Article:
Thursday, July 14, 2011
The Internet Changes Everything
Have you considered how completely different our lives are since the Internet? It's been brought home to me lately.
Most recently, my guy's new "album" is out. Well, it isn't really an album. It's an mp3 download. The music industry is quickly phasing out the last physical evidence of music recordings - the CD. Two years of hard work is now available (with some soulful backup work by yours truly) on the Internet for your downloading pleasure.
The entire music industry has been gutted by digital audio files because the big players didn't see it coming. Then Napster started giving music away for free. And the industry's been scrambling to figure out what to do ever since.
Anyone can be a rock star, at least in their minds. All you need is Garage Band or some other basic editing program and - ooooh - your music is out in the world. That's generally not a good thing, as some folks should keep their music in the garage where it belongs. But it's also opened opportunities for some truly talented people to be heard by a global audience.
My area of study these days is the publishing industry. That's changed a bit lately, hasn't it? Writers, for a decade or more, have found it easier to submit their work to agents and publishers. Agents and publishers have become more and more selective as their inboxes fill and crash. And then came the ebook.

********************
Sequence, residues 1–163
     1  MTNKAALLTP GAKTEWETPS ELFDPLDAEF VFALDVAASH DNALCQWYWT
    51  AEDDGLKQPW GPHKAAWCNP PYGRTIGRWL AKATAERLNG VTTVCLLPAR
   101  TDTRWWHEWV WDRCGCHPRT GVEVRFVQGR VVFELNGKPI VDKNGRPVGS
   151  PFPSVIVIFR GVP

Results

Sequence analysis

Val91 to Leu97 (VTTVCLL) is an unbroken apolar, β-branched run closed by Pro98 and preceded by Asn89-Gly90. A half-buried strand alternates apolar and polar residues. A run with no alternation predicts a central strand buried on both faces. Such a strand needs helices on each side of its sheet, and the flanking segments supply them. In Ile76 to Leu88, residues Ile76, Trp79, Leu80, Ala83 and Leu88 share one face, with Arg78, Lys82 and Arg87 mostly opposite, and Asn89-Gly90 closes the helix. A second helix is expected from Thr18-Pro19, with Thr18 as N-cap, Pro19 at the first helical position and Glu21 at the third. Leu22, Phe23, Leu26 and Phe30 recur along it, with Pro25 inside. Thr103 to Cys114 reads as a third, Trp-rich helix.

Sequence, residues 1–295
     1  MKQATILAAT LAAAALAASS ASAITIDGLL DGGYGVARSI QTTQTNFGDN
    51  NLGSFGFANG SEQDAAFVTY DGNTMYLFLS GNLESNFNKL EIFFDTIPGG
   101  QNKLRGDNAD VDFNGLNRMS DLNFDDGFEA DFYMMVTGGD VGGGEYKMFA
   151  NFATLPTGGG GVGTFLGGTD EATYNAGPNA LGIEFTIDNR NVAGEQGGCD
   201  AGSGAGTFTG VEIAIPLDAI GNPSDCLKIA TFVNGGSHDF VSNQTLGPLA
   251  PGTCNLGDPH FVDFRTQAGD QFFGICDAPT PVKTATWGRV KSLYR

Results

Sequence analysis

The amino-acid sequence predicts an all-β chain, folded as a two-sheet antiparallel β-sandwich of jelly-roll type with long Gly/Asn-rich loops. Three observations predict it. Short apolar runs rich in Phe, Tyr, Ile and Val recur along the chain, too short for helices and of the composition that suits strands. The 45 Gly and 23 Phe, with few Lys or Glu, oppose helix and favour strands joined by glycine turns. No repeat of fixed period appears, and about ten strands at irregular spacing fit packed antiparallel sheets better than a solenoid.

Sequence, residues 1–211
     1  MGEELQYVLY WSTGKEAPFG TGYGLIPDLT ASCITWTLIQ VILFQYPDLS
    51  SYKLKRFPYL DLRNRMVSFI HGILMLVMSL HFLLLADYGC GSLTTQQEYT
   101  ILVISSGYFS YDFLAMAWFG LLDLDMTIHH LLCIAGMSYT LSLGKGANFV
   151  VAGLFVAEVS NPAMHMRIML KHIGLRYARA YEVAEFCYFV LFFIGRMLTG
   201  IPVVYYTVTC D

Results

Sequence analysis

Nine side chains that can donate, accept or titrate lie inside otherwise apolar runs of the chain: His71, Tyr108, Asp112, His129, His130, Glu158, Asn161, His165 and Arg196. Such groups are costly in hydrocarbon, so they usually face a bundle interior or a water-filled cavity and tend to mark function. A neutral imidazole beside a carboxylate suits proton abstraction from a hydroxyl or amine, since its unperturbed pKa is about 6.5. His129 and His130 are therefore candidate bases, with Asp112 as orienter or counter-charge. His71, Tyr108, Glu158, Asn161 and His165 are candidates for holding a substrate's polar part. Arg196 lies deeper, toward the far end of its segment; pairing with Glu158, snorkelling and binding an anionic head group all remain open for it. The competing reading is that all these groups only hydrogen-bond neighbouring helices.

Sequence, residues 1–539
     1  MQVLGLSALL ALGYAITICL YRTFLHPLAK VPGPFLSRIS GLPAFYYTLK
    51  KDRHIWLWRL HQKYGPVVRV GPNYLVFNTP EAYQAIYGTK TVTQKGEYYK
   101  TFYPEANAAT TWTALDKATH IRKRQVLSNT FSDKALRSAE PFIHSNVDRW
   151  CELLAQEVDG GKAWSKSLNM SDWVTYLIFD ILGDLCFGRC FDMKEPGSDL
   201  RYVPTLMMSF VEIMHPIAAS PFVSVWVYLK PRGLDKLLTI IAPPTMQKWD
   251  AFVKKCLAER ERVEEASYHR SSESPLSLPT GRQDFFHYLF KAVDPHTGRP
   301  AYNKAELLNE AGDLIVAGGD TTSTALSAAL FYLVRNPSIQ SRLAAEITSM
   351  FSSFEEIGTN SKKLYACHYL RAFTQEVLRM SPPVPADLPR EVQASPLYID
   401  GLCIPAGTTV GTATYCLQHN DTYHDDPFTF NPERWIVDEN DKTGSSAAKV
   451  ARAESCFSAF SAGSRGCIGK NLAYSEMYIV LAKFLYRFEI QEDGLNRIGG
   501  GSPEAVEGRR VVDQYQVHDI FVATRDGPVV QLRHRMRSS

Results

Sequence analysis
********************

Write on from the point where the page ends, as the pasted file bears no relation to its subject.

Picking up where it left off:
My NPR affiliate has a no-ebooks policy. They won't talk about them. They don't think they're real books. It reminds me of the music industry's attitudes toward downloads. They'll be changing their minds soon because they'll have to.
I have an ebook. And it'll soon be a paperback. We're doing it backwards because nowadays we can.
At work? We all have computers and now we edit documents in a program that lets us all see each other's edits. We're phasing out paper, eliminating the need for thousands of square feet of storage space. And where are those documents stored? The cloud. The vast, nebulous, virtual digital warehouse. In other words, they don't really still exist. But they do.
It's a change in concept, in thinking. Just because you can't see it, touch it, taste it doesn't mean it doesn't exist. It's a transition to a virtual world. And when I think about where it could be going, I think it's time to write a scifi novel.
What do you think the world will be like in ten years?